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The effect of maturity on proportion and quality of morphological components of white clover grown under irrigation in northern Victoria

C.R. Stockdale and K.B. Kelly

Department of Agriculture Victoria, Kyabram Research Institute PMB 3010, Kyabram VIC 3620

The potential of white clover, Trifolium repens for animal production is very high. While white clover grows well under irrigation in northern Victoria, the proportions of its morphological components change markedly with maturity. We considered the quality of these components as they change in order to improve the grazing management of white clover.


White clover (cv. Haifa) herbage was harvested at weekly intervals for eight weeks after an initial defoliation in spring and autumn. Samples were sorted into components and analysed for in vitro digestibility and crude protein.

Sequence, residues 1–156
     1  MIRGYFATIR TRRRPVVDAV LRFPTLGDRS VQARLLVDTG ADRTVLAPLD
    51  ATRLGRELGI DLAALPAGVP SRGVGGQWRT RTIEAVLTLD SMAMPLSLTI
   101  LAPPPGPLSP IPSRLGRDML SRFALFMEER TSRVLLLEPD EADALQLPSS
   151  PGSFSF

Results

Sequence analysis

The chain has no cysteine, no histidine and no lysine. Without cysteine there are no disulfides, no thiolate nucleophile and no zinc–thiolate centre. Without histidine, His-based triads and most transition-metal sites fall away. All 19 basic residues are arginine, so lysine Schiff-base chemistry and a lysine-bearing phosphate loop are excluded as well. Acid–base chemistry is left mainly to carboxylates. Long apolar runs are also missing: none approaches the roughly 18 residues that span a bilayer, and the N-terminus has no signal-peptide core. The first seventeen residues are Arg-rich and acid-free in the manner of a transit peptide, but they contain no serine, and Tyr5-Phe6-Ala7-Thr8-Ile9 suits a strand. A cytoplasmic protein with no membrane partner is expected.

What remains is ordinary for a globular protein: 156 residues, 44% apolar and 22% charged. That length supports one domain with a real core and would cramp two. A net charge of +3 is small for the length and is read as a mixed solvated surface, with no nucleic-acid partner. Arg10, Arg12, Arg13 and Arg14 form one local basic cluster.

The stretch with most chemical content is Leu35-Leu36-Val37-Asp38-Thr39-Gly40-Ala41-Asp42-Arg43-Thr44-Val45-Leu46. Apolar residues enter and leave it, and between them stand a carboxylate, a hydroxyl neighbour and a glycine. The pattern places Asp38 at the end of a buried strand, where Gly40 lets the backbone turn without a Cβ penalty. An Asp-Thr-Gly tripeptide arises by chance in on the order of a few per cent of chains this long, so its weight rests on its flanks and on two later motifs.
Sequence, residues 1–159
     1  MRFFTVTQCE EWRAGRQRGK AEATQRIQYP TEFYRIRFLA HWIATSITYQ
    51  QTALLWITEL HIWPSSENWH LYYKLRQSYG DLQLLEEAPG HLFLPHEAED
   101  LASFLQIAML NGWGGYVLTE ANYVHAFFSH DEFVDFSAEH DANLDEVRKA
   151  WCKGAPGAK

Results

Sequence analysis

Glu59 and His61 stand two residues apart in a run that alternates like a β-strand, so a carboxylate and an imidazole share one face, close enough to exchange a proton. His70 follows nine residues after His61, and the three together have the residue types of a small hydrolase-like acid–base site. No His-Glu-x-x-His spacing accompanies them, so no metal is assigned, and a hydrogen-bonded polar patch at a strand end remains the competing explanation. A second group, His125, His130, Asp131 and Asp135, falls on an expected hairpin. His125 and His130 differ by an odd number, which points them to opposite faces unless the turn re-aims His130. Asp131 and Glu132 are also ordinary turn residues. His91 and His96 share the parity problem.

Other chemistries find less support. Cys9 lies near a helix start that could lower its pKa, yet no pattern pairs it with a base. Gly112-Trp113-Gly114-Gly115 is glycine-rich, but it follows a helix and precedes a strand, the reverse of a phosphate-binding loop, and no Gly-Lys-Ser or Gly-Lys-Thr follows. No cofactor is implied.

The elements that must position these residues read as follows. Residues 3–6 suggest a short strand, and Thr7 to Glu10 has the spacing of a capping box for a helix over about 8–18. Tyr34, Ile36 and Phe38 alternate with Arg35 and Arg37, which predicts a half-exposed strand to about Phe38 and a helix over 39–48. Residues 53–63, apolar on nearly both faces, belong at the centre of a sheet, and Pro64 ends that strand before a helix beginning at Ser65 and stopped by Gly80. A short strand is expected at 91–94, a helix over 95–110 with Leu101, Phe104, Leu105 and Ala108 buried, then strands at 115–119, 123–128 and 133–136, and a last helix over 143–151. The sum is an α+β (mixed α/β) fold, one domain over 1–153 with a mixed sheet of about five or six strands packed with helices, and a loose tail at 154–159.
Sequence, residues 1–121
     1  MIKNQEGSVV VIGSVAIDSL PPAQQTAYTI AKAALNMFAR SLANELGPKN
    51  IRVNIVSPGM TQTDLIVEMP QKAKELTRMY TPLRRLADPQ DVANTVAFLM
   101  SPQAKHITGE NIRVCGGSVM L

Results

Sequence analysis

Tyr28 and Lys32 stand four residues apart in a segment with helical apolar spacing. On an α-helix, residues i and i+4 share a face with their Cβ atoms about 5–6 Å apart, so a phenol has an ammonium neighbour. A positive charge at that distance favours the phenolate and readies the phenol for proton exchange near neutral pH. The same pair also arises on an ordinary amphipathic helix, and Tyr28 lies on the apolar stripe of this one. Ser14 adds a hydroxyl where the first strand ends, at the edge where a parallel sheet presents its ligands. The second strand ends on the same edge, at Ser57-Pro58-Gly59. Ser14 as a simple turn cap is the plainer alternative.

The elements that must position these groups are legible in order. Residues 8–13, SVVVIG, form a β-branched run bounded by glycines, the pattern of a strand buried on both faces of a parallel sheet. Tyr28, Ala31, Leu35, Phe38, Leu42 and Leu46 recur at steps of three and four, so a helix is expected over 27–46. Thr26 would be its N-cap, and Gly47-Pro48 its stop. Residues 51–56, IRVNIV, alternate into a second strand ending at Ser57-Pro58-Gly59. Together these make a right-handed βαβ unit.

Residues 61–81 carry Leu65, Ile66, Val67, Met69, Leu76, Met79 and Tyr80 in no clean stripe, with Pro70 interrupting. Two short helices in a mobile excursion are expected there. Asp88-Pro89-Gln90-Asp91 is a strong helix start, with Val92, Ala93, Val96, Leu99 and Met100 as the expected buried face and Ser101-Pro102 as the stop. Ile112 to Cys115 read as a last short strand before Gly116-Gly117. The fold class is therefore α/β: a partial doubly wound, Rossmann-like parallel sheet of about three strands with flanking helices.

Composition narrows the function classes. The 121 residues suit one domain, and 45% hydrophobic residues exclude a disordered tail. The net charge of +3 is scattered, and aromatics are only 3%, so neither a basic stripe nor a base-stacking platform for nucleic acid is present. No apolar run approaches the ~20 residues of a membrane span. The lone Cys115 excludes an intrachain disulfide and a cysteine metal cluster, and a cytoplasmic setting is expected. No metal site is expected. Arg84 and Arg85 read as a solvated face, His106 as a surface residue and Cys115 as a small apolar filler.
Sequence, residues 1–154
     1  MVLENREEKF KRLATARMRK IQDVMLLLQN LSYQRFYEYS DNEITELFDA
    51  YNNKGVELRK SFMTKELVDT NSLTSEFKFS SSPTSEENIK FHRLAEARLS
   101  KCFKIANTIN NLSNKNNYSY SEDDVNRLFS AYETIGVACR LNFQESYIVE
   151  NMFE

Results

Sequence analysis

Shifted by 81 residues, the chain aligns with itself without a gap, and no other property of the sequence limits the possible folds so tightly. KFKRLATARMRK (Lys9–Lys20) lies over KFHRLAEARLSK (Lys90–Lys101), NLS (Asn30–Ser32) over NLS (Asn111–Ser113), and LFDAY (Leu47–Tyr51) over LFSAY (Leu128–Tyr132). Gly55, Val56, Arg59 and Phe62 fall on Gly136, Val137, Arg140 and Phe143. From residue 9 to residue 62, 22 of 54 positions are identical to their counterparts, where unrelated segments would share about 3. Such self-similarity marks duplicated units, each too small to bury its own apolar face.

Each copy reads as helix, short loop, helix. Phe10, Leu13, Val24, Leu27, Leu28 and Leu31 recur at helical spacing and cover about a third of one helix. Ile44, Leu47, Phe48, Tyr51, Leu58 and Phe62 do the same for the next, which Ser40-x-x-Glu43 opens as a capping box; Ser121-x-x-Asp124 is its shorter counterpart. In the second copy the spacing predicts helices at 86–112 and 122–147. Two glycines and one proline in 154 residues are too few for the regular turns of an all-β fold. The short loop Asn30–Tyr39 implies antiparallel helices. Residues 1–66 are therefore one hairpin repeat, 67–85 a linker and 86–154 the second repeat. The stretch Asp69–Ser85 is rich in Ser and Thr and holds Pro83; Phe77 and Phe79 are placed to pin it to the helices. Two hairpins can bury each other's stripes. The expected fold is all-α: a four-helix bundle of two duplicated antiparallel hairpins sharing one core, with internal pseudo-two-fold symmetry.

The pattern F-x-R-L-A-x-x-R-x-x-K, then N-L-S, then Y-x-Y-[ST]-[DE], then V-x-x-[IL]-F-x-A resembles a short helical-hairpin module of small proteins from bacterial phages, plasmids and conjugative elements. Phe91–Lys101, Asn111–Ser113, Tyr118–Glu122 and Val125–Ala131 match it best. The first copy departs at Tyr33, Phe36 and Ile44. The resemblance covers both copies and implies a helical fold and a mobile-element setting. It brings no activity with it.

Results and discussion

There were major variations in the morphology of white clover, and the way it changed with time, in spring compared with autumn (Table 1). In particular, flowering was prolific in spring and almost non-existent in autumn. The quality of the plant components was relatively consistent with time at both periods of the year (Table 1) indicating that the variation in proportion of plant parts was likely to influence the quality of diet eaten by ruminants.

Table 1. Proportion (%), digestibility (DMD) and crude protein (CP) of leaf, stem and flowers of white clover in spring and autumn in northern Victoria (all as % of total dry matter). The balance was dead material.

In northern Victoria, white clover is mainly grown for dairy cows and often supplemented with feeds low in protein. In spring, white clover needs to be grazed intensively, and often, in order to keep the proportion of flowers low and that of leaf as high as possible. In autumn, the requirement for intensive management for best animal production is less important.

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